Destry Rides Again is a well-constructed movie. It provides just the right amount of lush details so your suspension of disbelief is firmly established. A few shots of horses barreling down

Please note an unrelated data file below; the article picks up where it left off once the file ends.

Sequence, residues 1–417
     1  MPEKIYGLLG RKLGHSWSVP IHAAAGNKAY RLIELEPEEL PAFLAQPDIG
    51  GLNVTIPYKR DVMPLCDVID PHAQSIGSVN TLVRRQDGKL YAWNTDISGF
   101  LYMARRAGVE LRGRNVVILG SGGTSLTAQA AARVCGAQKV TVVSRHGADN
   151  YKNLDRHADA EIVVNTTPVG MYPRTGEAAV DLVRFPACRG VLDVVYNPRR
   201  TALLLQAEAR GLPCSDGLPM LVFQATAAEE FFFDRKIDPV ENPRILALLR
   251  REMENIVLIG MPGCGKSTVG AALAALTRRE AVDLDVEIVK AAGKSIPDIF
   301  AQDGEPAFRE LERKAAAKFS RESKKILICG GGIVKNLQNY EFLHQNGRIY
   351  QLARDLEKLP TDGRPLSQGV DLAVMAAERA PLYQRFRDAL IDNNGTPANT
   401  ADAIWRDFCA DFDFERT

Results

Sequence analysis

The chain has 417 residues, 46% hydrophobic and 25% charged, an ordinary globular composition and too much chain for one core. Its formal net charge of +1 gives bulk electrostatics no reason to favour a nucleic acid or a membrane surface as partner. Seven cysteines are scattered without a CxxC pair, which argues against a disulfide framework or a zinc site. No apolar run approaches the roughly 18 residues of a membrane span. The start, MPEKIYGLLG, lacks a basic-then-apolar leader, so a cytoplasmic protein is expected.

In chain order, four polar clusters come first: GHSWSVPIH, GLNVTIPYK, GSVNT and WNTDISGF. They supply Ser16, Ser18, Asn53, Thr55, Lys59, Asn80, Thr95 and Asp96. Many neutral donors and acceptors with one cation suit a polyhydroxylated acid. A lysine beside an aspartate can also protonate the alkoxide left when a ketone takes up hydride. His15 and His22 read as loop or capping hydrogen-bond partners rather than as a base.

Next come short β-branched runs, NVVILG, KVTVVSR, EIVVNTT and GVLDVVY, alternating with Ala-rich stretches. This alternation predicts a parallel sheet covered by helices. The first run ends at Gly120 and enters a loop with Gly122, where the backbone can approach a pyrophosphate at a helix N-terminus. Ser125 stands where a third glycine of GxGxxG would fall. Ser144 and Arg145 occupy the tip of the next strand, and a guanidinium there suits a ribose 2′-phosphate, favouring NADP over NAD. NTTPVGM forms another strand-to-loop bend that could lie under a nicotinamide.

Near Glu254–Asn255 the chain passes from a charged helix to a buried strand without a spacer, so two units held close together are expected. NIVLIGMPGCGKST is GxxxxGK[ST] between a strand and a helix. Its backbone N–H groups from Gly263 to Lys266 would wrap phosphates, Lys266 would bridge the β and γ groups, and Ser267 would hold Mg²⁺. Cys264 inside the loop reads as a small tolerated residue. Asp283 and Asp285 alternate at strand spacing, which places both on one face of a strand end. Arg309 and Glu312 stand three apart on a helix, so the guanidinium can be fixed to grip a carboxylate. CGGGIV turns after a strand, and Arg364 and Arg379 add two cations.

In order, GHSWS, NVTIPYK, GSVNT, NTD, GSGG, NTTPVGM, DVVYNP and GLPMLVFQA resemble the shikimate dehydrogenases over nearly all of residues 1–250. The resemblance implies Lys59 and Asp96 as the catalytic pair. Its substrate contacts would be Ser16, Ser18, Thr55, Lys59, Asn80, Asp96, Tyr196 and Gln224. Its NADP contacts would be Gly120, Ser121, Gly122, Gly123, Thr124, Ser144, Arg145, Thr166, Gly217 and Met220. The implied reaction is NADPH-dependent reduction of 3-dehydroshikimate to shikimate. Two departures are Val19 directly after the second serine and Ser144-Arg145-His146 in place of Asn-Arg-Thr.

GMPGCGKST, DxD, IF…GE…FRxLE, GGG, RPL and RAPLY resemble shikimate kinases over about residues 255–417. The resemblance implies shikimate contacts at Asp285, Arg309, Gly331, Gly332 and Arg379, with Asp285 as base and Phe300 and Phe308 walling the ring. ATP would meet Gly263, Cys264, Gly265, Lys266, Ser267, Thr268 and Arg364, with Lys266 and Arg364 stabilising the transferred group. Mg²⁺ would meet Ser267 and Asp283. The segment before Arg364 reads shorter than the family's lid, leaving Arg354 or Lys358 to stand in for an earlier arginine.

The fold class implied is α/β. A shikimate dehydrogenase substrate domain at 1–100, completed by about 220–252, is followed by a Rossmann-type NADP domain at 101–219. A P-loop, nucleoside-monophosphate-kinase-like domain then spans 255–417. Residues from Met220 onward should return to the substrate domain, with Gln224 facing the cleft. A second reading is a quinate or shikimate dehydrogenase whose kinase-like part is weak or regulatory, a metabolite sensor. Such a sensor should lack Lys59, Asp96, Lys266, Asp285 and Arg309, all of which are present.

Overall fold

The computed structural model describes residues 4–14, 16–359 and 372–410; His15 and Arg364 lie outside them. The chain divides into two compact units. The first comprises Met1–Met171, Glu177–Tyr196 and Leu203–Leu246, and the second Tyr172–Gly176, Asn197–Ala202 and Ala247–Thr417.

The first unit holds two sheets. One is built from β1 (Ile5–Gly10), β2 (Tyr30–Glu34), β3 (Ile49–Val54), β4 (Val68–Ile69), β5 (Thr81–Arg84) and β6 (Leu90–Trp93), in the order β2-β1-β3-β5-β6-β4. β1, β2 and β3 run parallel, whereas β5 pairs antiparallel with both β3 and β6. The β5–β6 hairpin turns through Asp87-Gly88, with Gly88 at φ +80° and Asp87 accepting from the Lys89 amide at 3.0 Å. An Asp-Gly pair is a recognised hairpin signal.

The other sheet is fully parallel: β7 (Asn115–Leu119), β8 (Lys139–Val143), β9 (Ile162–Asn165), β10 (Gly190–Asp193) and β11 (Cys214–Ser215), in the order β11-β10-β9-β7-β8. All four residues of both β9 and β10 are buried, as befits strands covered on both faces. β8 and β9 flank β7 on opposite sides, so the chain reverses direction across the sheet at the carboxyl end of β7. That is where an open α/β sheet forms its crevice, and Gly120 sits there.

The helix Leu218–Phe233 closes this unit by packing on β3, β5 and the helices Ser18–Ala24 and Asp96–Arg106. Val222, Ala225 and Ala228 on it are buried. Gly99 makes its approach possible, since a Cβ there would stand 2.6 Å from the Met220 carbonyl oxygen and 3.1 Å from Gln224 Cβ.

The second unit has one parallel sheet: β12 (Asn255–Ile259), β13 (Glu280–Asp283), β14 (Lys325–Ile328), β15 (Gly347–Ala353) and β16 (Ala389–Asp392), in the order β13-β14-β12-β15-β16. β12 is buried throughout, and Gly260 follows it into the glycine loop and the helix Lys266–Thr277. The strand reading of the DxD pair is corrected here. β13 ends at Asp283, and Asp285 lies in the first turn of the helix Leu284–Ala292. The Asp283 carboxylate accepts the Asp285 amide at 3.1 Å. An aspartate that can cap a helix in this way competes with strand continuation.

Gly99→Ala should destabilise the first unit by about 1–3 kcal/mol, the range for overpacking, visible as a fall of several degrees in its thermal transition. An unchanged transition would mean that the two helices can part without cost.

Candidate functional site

dangerous mountain roads and a few head of cattle going past a fence and you completely discount the fact that nearly every scene is either inside a studio set or a backlot façade of a boomtown. A string of comedic elements and dialog entertains us so well that its somewhat thin storyline is overlooked. We are all wrapped up in the characters—the town drunk who gets appointed sheriff, the Iron Matron of the dance hall with a secret heart of gold, the easy mannered deputy with a sly mind, and the silent but crafty mayor. All of these roles are filled with well-accomplished actors and character actors. The true charm of Destry Rides Again is that there is nothing wanting. You get song, humor, action, suspense, and a tug on the heartstrings. While Destry Rides Again performed well at the box office, it was not an extravagant success at the time. However, and I think this is because of how well the movie was constructed, Destry Rides Again remains high on the list of memorable westerns. A couple of quick side notes: Destry Rides Again was James Stewart’s first Western. It was also credited with revitalizing Marlene Dietrich’s career.